CullmanTimes.com - Cullman, Alabama

Opinion

March 27, 2013

EDITORIAL: Gay Marriage Will Survive Whatever the Supreme Court Says

(Continued)

That would certainly be anticlimactic. Would it also be timid? As we have said, the courts have an honorable tradition of dodging sticky questions, and in this case the consequences wouldn't be catastrophic. Dismissing the case — or ruling that the challengers lack standing — would leave same-sex marriage legal in California, as it would be in nine other states and the District of Columbia. If it were to let the lower-court decision stand, the court could signal support of same-sex marriage while still allowing time for public opinion to settle the matter.

Which brings us back to Richard Feynman's question. The cavalcade of opinion in support of same-sex marriage has surely affected the court. About half the public supports it, with the figure rising to 70 percent among Americans younger than 30, indicating the way forward. Few justices can doubt that the freedom to marry will expand nationwide — and soon.

How much deference do the justices owe the public? Getting too far ahead of popular opinion can undermine the court's legitimacy. So can trailing too far behind it. The reason proceedings like these are public is that the court is as interested in forging consensus as following it. It's also why, even more so than other public institutions, its reasoning matters. It's all well and good for a politician to change his mind on same-sex marriage because he has a gay relative. That's not reason enough for a Supreme Court justice.

With each passing day, an increasing number of Americans views the right to marry, for gays and straights alike, as among "the most intimate and personal choices a person may make in a lifetime, choices central to personal dignity and autonomy."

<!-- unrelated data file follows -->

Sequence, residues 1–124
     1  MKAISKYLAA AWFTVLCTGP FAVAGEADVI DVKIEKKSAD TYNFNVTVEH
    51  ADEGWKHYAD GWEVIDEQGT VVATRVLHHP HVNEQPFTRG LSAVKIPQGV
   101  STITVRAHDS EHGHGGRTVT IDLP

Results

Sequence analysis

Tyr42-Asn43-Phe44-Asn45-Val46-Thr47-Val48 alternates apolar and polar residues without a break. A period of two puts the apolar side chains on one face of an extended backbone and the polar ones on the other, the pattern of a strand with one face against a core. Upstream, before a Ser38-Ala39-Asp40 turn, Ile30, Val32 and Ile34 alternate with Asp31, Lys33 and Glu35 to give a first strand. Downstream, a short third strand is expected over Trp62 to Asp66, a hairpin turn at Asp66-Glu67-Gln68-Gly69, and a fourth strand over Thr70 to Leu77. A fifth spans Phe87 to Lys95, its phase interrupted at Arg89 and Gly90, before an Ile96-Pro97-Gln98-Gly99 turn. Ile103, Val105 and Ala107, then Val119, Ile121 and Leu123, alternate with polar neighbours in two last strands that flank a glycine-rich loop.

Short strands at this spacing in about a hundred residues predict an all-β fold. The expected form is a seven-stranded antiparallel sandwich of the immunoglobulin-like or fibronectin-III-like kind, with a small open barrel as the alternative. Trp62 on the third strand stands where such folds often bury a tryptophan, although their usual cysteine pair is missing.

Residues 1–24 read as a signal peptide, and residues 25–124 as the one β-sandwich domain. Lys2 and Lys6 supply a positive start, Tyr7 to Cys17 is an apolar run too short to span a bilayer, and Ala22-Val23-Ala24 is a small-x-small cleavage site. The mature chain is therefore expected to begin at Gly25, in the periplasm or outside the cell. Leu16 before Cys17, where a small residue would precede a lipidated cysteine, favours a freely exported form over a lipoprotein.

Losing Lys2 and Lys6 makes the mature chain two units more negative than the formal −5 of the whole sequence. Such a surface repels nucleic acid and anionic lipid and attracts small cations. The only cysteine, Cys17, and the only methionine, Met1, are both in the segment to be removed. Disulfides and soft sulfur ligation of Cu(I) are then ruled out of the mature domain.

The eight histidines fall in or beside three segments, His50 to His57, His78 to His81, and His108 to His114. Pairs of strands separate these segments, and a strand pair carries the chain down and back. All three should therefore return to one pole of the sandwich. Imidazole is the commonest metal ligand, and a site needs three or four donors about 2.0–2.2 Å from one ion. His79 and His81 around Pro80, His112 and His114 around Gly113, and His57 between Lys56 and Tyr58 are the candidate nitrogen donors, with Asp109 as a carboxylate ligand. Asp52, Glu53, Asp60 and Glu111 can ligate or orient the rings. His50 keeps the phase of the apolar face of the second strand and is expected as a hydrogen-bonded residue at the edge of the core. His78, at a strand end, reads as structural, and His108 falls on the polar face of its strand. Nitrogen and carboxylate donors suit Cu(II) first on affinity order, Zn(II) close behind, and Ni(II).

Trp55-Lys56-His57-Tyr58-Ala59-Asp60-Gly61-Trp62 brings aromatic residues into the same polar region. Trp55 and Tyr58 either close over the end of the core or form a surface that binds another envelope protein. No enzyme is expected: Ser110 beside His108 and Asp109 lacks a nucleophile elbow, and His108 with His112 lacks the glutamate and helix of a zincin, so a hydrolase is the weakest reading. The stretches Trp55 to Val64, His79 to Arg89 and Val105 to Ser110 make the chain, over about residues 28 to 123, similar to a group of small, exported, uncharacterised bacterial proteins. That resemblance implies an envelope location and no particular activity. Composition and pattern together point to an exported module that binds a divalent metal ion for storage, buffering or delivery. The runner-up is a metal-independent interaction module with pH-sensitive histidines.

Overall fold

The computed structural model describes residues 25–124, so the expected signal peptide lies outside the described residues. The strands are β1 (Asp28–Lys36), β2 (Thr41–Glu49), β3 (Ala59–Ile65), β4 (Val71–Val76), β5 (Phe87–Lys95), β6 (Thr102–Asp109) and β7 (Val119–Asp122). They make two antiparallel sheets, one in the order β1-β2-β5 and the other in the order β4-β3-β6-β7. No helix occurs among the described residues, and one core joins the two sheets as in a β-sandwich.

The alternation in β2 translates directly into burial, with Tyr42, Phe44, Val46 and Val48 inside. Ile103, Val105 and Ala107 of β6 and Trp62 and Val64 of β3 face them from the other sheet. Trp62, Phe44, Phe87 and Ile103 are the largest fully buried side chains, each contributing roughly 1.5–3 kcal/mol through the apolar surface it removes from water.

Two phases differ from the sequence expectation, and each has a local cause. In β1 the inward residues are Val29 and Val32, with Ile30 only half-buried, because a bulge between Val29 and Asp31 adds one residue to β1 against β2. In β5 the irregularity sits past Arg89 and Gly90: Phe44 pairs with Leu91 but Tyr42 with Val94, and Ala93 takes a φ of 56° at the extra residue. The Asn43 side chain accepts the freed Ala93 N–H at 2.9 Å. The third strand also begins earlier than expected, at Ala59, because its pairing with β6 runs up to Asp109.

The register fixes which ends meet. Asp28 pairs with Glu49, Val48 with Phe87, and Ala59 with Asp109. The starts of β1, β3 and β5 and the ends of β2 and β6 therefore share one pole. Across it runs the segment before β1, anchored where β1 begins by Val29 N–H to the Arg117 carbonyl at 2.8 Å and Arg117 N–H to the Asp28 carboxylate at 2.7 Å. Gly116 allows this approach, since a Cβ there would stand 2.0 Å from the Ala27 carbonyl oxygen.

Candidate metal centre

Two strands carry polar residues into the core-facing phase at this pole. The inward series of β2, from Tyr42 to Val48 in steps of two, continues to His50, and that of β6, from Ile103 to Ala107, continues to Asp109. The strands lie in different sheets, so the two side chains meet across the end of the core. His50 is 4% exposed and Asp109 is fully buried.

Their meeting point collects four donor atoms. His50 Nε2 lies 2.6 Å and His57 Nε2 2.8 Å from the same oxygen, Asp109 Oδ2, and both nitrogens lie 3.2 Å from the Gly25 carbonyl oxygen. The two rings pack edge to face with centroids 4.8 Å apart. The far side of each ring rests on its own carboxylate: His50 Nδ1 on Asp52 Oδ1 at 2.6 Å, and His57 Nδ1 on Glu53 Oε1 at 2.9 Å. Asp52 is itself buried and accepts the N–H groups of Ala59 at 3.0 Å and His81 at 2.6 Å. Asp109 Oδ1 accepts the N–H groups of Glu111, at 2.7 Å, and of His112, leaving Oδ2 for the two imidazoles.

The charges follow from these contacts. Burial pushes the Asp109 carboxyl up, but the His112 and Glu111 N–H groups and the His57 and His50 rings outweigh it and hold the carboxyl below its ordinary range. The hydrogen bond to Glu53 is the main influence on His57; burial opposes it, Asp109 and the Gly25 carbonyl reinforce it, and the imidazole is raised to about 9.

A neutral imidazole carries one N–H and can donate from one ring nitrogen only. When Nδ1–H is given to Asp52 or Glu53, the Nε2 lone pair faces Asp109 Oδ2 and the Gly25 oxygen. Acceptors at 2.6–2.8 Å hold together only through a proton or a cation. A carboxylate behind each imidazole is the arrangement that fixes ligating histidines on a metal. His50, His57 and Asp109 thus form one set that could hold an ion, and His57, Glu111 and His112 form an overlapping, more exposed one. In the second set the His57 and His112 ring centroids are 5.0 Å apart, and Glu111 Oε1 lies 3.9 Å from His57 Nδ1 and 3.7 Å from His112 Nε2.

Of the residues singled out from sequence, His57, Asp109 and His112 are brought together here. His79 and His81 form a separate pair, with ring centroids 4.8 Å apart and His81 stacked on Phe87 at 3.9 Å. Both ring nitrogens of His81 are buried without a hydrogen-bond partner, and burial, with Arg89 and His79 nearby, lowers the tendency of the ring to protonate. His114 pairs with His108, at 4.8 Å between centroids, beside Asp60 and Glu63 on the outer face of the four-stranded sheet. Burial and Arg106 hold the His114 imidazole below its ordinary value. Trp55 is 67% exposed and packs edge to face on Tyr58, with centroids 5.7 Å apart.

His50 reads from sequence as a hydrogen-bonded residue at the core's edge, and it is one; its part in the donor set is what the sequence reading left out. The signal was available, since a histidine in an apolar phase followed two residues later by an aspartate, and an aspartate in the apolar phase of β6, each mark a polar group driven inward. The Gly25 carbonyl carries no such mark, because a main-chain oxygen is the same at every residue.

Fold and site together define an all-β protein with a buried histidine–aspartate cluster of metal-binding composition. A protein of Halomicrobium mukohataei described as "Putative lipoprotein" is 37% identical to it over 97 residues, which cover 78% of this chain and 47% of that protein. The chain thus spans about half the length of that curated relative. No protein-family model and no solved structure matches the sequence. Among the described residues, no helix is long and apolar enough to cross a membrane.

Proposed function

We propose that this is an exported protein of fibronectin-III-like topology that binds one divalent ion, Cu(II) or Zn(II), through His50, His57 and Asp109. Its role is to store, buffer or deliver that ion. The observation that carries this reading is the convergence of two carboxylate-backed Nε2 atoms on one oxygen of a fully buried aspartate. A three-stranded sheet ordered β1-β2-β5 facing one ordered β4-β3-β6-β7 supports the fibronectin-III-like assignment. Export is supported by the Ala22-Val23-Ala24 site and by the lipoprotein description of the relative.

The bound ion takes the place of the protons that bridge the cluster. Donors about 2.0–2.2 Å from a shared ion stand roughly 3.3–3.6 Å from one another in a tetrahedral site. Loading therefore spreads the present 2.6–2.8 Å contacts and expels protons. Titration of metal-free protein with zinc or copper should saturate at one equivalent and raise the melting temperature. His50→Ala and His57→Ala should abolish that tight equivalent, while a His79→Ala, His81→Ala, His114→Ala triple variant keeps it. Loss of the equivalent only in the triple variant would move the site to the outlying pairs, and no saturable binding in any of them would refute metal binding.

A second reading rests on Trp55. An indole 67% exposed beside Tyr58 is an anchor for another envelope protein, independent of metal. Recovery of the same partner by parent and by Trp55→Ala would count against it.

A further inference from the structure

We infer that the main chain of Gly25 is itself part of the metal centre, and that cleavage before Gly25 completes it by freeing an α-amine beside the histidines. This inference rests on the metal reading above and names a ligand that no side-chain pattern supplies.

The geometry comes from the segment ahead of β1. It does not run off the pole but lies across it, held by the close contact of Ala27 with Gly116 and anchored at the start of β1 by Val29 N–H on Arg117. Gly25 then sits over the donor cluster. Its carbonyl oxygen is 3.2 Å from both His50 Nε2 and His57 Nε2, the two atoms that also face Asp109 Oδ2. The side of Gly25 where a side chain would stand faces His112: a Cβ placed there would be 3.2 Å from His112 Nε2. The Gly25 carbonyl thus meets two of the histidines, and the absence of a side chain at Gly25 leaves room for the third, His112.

That's not wording from the latest poll. It comes, only slightly out of context, from a 10-year-old Supreme Court decision on gay rights.

Text Only
Opinion
  • EDITORIAL: Primary shows maturity, will of voters

    With the local Republican Primary wrapped up, the outcome of three races may have seemed surprising to some observers.

    July 22, 2014

  • COMMENTARY: A break from the campaign rhetoric

    The collective sigh of relief felt throughout Cullman Wednesday morning signaled the end of another primary political season the previous night. As Wednesday’s Times headline told us, it was a clean sweep.

    July 21, 2014

  • Harris Coleman COMMENTARY: Billy Coleman, a true statesman

    King Solomon said, “Pride will ruin people, but those who are humble will be honored.” He also said, “Where there is no vision, the people perish.” Billy Coleman, the past elected superintendent of Cullman County Schools, is the living example of these wise statements of truth.

    July 20, 2014 1 Photo

  • COMMENTARY: Twisty road back to Cullman

    The young journalist who was somewhat listening to the elder newspaperman on the other side of the desk didn’t have a clue.

    July 19, 2014

  • EDITORIAL: Judge makes the right decision

    Many people are closely following the case of Jay Maynor, the man charged with murdering a man convicted of molesting his daughter 12 years ago.

    July 7, 2014

  • EDITORIAL: Truth and independence

    Somewhere along a colonial road between Lexington and Concord, Americans found their courage and resolve to become independent.

    July 4, 2014

  • EDITORIAL: Taking charge with a vote

    The Democratic and Republican primaries arrive Tuesday morning across the state, with many election officials and candidates fearing a low turnout could be in store for what otherwise should be cause for a great gathering of citizens.

    June 3, 2014

  • EDITORIAL: A state dying from drug use

    Alabama coroners, with the power to order and log results of  toxicology reports, hold the key to important information for families and law enforcement officials.

    May 20, 2014

  • EDITORIAL: Looking beyond the standard

    Cullman County schools superintendent Billy Coleman opened a wide door of opportunity when he supported a transition to an appointed executive to lead the local education system.

    May 20, 2014

  • Editorial: Meal money violates trust

    As various local political candidates dash toward the June 3 primary, a troublesome issue remains unattended on the table.

    May 11, 2014